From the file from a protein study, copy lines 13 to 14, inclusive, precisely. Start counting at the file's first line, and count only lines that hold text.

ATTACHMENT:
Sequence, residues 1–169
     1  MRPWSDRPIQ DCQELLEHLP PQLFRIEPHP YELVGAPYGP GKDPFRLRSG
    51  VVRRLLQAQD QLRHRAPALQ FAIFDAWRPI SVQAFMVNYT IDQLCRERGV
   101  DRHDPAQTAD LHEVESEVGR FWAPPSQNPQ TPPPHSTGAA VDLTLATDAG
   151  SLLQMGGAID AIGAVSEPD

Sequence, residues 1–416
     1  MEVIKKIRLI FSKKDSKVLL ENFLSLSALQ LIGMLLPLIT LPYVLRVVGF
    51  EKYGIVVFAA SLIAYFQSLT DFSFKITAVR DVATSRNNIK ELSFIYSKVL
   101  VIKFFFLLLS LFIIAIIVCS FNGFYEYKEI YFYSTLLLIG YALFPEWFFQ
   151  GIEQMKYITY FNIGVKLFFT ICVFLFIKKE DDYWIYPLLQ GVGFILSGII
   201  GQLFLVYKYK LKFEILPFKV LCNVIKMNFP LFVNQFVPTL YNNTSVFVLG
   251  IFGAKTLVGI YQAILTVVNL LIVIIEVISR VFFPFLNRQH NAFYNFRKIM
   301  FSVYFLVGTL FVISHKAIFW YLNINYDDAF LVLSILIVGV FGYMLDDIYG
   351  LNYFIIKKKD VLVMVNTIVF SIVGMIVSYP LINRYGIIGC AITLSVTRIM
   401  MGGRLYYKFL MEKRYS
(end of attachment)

   301  FSVYFLVGTL FVISHKAIFW YLNINYDDAF LVLSILIVGV FGYMLDDIYG
   351  LNYFIIKKKD VLVMVNTIVF SIVGMIVSYP LINRYGIIGC AITLSVTRIM